The Center told the Supreme Court on Monday that it does not want to file a detailed affidavit on a batch of petitions seeking an independent investigation into Pegasus’s alleged spy line.
The Center told a court headed by Chief Justice NV Ramana that it has “nothing to hide” and that is why the government has said on its own that it will set up a committee of experts in the domain to investigate these allegations.
Attorney General Tushar Mehta told the court, which also includes Justices Surya Kant and Hima Kohli, that whether or not the government uses a particular software is not a matter for public discussion and making this information part of an affidavit. it will not be available nationally. interest.
Mehta said that the report of the domain expert committee will be presented to the higher court.
The higher court told Mehta that it had already made it clear that it did not want the government to reveal anything that would compromise national security.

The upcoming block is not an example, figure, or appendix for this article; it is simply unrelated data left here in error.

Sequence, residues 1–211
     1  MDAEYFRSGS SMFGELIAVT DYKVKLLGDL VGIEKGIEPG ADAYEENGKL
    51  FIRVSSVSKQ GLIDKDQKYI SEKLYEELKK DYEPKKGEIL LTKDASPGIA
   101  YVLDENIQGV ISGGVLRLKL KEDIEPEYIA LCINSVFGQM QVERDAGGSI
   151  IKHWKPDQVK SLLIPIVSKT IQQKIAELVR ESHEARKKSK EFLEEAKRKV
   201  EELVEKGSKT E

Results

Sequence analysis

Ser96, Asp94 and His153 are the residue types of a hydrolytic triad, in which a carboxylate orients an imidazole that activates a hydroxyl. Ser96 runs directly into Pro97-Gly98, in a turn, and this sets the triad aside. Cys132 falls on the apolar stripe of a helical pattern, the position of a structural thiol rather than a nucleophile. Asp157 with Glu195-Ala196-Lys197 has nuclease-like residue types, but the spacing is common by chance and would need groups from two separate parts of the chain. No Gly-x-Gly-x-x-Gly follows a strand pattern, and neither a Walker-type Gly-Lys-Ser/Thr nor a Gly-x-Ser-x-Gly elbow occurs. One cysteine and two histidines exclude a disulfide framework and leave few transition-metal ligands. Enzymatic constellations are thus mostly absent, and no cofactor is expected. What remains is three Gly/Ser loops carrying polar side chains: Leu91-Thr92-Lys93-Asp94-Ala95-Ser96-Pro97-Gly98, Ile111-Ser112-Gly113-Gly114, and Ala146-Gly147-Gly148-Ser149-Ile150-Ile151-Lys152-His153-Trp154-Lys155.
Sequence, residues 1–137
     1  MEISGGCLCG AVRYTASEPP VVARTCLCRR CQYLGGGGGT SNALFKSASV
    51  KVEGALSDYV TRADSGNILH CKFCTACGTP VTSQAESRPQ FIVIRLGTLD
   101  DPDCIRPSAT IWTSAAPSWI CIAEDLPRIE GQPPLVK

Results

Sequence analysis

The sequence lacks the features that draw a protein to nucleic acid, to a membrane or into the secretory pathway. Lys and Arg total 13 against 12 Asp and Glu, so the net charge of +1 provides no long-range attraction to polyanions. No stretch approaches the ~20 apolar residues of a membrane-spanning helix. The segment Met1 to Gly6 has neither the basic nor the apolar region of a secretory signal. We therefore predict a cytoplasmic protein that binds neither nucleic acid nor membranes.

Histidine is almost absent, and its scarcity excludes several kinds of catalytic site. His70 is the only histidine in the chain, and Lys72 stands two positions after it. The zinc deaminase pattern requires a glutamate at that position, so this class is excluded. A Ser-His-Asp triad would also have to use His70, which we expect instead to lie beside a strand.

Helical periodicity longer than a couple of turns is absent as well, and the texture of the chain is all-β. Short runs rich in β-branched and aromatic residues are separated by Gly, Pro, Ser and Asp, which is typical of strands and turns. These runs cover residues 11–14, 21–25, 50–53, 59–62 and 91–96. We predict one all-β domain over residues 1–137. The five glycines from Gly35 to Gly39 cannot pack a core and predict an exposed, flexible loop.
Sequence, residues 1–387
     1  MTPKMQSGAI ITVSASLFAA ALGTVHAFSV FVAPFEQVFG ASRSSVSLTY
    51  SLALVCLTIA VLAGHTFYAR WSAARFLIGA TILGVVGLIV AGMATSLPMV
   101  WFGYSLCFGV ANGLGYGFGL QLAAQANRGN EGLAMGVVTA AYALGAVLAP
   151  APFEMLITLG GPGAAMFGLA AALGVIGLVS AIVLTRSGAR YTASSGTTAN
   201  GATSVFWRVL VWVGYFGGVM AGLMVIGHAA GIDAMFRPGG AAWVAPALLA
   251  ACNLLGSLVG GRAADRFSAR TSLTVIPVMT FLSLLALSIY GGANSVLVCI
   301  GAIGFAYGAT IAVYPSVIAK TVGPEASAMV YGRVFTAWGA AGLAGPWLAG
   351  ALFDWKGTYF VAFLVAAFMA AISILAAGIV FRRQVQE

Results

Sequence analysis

The hearing on the matter continues.
On September 7, the higher court had given the Center more time to decide to file a new response to the petitions after Mehta had said that due to some difficulties, he was unable to meet with the officials concerned to make a decision on the presentation of the second. sworn declaration.
The Center had previously filed a limited affidavit in superior court saying that the grounds for seeking an independent investigation into the Pegasus espionage allegations are based on “conjecture and conjecture or other unsubstantiated or material media reports. incomplete or not corroborated “.
He stated that the position on the issue had already been clarified in Parliament by the Minister of Information Technology Ashwini Vaishnaw.
With a view to dispelling any erroneous narratives spread by certain vested interests and examining the issues raised, the government will set up a committee of experts, it had said.
The pleas are related to reports of suspected spies by government agencies on eminent citizens, politicians and scribes through the use of Pegasus spyware from the Israeli company NSO.
An international media consortium has reported that more than 300 verified Indian mobile phone numbers were on the list of possible targets for surveillance using Pegasus spyware.
(This story has not been edited by Business Standard staff and is automatically generated from a syndicated feed.)